Finnish and Swedish moves into NATO raise fears of Russian cyberattacks

Finland and Sweden’s decision to join NATO has raised concerns about possible cyber retaliation from Russia, which sees the alliance’s expansion as a direct threat.

While it is too early to judge how Russia might attempt to use its cyber capabilities against Finland, Sweden, or other NATO members, including the US.

Such attacks would not have the gravity of the cyber efforts Moscow launched against Ukraine amid Russia’s invasion of that country.

“I think Russia is unlikely to launch the kinds of cyberattacks against Finland and Sweden as it did against Ukraine, mainly because the targets are different,” said Jason Blessing, a fellow at the American Enterprise Institute.

Blessing said that since Russia has no intention, at least for the time being, of invading Finland or Sweden, it may use different cyber tactics than it used with Ukraine to get its message across.

He added that Russia is likely to launch unsophisticated types of attacks, including website defacement and distributed denial-of-service attacks to disrupt its enemies’ networks rather than launch a full-scale cyber war.

“[Attacks] which essentially represent a protest against their requested NATO membership,” Blessing said.

Russia is unhappy with the prospect of Finland and Sweden joining NATO and earlier this week vowed to take “retaliatory measures” if Finland goes ahead with plans to join the 30-nation military organization.

Russian President Vladimir Putin sees NATO expansion as a direct threat. Ukraine’s talk of joining NATO was part of Moscow’s justification for its invasion.

The fact that Finland is now considering joining NATO is also an illustration of how badly Moscow’s war has failed.

The United States has expressed support for Finland and Sweden joining NATO, and President Biden spoke with the leaders of both Nordic countries on Friday.

Secretary of State Antony Blinken will also meet the Swedish and Finnish foreign ministers and NATO members in Berlin on Saturday, where officials are likely to draw up the roadmap for the countries to join. The alliance.

The process is likely to move much faster than previous deals in the alliance, with NATO Secretary-General Jens Stoltenberg saying last month that both nations would be welcome in the organization if they decided to join and could quickly become members. .

Possible additions to NATO would be significant as both countries have long eschewed military alliances and sought neutrality.

Finland, which shares an 830-mile border with Russia, last fought the Kremlin in 1944, when it was the Soviet Union. And Sweden has not had a military alliance for more than 200 years, choosing instead to cooperate with NATO.

The prospect of retaliation is a real concern for Finland and Sweden.

On Friday, a Finnish transmission system operator announced that a Russian energy company would suspend its imports of electricity to Finland from Saturday.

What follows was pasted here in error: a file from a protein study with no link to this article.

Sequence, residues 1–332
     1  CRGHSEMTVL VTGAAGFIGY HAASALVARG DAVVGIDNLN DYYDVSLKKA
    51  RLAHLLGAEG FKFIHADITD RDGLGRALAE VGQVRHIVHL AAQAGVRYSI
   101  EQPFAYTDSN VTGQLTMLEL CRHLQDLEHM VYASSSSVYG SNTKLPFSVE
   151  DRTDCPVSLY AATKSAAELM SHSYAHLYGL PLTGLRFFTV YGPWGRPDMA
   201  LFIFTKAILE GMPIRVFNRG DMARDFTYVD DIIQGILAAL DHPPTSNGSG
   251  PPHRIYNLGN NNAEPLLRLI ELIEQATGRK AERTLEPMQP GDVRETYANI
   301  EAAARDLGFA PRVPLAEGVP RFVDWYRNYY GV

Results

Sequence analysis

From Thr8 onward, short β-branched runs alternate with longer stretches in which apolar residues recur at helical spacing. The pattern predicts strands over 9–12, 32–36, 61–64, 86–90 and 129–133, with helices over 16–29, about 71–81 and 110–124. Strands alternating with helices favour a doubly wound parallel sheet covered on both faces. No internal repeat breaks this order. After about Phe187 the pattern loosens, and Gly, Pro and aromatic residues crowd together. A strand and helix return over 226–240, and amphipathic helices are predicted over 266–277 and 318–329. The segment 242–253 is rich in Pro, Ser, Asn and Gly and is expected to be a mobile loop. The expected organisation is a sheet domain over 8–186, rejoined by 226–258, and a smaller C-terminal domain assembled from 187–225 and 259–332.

Finnish politicians have also warned that Moscow could quickly cut off gas to the country, Reuters reported, citing local media. The Kremlin used such tactics in Poland and Bulgaria last month in response to Western sanctions.

In April, Finland was hit by a denial-of-service attack that temporarily shut down the websites of the country’s foreign and defense ministries. The attack occurred while Ukrainian President Volodymyr Zelensky was addressing the Finnish parliament.

Josephine Wolff, an associate professor of cybersecurity policy at Tufts University’s Fletcher School, said the attack was “a relatively unimpressive, small-scale cyberattack that did not require a great deal of technological expertise and only resulted in a disruption to short term”.

“If that kind of [attack] is the extent of the cyber capabilities that Russia has at hand right now, then I think they are unlikely to be very successful in using cyber attacks to retaliate against Finland and Sweden.”

Blessing also said that since Russia is already busy fighting Ukraine, it may not have the bandwidth right now to carry out destructive cyberattacks against the two Scandinavian countries and NATO members.

The experts added that both Finland and Sweden have much stronger cyber capabilities than Ukraine and would be in a better position to defend against Russian cyber attacks.

In fact, Finland recently won a NATO cyber defense competition this year. The annual war game, held in Estonia, provides technical training to cyber teams from NATO members and allies. Teams compete against each other in a simulation intended to help them understand how to best defend their networks against cyber attacks.

“That’s a very good indication that they have the talent and the ability,” Blessing said.

Still, the US and other NATO member countries can help the two Nordic countries if they determine they need assistance in cyberspace. Blessing said he wouldn’t be surprised if the US sends one of its “forward fighter” teams with US Cyber ​​Command to help Finland and Sweden like it did Ukraine before the invasion.

Wolff added that it is possible, but highly unlikely, that such assistance from the US and other NATO countries could prompt Russia to launch destructive cyberattacks against those countries.

“I think helping Finland and Norway is unlikely to expose the United States, or any other NATO country, to much more significant cyberattacks than helping Ukraine has already had,” Wolff said.

For now, the issue at hand is getting each of the governments of the 30 member states to ratify Finland and Sweden’s accession to NATO, a requirement for the alliance’s expansion.

That may prove tricky, however, as Turkish President Recep Tayyip Erdoğan expressed his opposition to the organization’s expansion on Friday.

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